Japan funds project to end violence against children amid COVID-19 in Cambodia
Although children face less health risk from COVID-19 than adults, there have been global reports that they may be at greater risk of violence as a result of the pandemic. Movement restrictions, loss of income, isolation, overcrowding and high levels of stress and anxiety increase the likelihood that children may experience and observe physical, psychological and sexual abuse at home. In response, the Government of Japan and UNICEF Cambodia are launching a new project, “Prevention and Response to Violence Against Children in Cambodia During the COVID-19 Pandemic and Recovery”.
The Government of Japan has awarded \340,000,000 (approximately US$3,090,909) to UNICEF to fund the project. The objective of the project is to ensure that girls and boys in Cambodia are protected from violence, exploitation and abuse throughout the COVID-19 pandemic and during the period of recovery, increasing human security. Some child protection services have faced disruption during the pandemic, so this project aims to ensure the restoration and continuity of services.
Most importantly, the project will ensure vulnerable children have access to quality child protection services, including case management, mental health and psychosocial support, legal aid, and health services. Support for helplines and hotlines will be increased to provide a safe and accessible channel for children and adults to report violence, including sexual exploitation and abuse. Child online safety will be promoted through strengthened partnerships with the Information and Communications Technology (ICT) industry and awareness raising and educational activities for children and caregivers. Lastly, data management and evidence generation will be strengthened by improving the reporting and quality of data related to violence against children.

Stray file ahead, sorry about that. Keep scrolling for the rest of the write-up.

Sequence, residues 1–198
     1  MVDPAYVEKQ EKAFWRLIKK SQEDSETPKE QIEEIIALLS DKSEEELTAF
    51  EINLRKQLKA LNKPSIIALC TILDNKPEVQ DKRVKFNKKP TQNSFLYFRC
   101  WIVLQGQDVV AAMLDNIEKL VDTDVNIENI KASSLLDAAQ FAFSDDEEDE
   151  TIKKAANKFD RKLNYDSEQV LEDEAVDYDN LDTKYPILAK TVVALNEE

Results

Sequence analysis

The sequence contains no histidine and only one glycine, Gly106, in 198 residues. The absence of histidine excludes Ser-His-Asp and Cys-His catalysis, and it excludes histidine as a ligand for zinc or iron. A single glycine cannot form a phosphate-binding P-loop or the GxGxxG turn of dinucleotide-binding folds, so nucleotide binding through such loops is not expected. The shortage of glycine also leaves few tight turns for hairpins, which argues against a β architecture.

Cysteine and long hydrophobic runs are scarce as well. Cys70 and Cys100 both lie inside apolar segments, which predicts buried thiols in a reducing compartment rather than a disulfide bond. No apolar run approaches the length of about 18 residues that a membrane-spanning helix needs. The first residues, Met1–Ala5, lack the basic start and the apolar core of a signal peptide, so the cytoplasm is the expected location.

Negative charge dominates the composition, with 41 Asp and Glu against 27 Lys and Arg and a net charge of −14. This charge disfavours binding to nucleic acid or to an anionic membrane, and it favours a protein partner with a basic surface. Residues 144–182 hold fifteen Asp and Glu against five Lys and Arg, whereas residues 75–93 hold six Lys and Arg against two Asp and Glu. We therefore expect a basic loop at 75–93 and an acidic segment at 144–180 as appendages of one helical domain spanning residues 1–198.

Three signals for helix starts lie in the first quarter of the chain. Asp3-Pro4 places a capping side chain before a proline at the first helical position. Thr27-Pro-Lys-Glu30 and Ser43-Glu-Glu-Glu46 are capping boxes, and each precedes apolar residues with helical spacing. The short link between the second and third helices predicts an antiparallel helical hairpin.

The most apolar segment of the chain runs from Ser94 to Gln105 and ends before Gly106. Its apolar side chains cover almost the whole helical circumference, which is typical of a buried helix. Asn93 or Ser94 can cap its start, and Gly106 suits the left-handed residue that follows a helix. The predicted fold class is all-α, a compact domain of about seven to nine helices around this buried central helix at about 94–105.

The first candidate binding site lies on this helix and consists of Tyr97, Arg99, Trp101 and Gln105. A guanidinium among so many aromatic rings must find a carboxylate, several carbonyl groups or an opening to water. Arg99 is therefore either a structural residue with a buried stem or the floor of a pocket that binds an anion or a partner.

The ultimate goal is to support the Royal Government of Cambodia in creating a well-coordinated and sustainable child protection system to respond to issues that have been exacerbated by COVID-19, in collaboration with Civil Society Organizations (CSOs) and other relevant stakeholders.
“Any form of violence a child is exposed to can lead to grave and lifelong consequences, and we are deeply concerned that they could be at greater risk of violence and abuse during this difficult time of COVID-19 pandemic,” said Foroogh Foyouzat, UNICEF’s Representative in Cambodia. “We are grateful to the Government of Japan for stepping in with this very important and timely contribution This project aims to strengthen child protection system and services and contributes to the realisation of Cambodian children’s rights to grow in a safe and protective environement.”
“Childhood violence can harm children in multiple ways that last throughout their lives. Violence suffered in childhood often leads to a broad range of negative behavioural, psychological and physical consequences in adolescence and adulthood, which is also a challenge for economic development.” said MIKAMI Masahiro, Ambassador Extraordinary and Plenipotentiary of Japan to Cambodia. “UNICEF has been active in Cambodia since 1952 and has outstanding experience in working to end violence against children. This is why the Government of Japan considers UNICEF to be the most trusted partner to achieve this goal. The Government of Japan and UNICEF are deeply committed to working with the Cambodian Government to end violence against children and will continue until we have helped create a world where no child is left behind. We will continue to cooperate with the Cambodian Government to help the country recover from COVID-19.”
UNICEF promotes the rights and wellbeing of every child, in everything we do. Together with our partners, we work in 190 countries and territories to translate that commitment into practical action, focusing special effort on reaching the most vulnerable and excluded children, to the benefit of all children, everywhere.
For more information about UNICEF and its work for children, visit www.unicef.org.